Counseling Center Helps Counteract Helps Counteract School-Related Stress

Going to college can bring a lot of stress into students’ lives and disrupt their schedules. While some consequences of school-related stress can be minor, others may significantly harm students’ mental health.

The Counseling Center at Roosevelt University seeks to provide help to students who struggle psychologically.

Kusha Murarka, assistant director of outreach services at the Counseling Center, said college can be an especially stressful experience for freshmen.

“A lot of students will come to see us when they are adjusting to college, many first-year students or people who are returning to school after a long time,” Murarka said. “There is a lot of stress associated with the demands of classes and pressure to do well in your classes.”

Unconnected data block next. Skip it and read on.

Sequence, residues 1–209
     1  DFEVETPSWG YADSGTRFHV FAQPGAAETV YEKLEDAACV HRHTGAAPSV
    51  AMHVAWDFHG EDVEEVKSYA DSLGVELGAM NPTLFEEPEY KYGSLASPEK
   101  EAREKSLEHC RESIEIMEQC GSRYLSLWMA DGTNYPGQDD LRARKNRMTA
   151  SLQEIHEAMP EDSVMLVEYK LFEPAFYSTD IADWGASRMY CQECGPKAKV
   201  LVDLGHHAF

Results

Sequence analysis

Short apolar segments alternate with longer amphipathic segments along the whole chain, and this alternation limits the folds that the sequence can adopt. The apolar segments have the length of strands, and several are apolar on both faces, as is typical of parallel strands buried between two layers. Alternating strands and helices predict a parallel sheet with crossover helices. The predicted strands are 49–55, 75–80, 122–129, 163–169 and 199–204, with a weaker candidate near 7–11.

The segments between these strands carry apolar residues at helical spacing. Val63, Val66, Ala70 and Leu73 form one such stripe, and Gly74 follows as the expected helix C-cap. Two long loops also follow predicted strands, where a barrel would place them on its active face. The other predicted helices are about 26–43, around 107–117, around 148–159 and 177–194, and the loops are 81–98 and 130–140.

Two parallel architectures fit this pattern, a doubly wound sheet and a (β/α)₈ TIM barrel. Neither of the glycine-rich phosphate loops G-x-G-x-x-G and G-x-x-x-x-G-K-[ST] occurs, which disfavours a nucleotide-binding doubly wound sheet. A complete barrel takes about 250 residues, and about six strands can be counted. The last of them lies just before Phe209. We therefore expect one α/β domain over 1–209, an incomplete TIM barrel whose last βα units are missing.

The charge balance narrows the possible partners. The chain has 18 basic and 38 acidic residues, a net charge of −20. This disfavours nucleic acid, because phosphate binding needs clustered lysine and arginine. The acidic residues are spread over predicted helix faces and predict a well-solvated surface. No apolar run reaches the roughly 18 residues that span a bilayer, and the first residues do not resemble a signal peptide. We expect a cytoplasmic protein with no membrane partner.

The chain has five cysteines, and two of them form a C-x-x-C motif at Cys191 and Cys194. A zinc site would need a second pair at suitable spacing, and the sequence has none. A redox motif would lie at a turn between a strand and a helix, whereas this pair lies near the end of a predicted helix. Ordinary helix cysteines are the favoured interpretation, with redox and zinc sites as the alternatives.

Murarka said many students struggle with time management, which often leads to poor performance in classes and can affect their relationships with other people.

“We often talk to students about how to better time manage, how to get their studying done, when do they make time for it, how do they carve out that time,” Murarka said. “And when they are feeling very stressed or they feel like one class is harder than another, how can you prioritize the studying that you need to do.”

Murarka added that a lot of students associate academic performance with their self-esteem.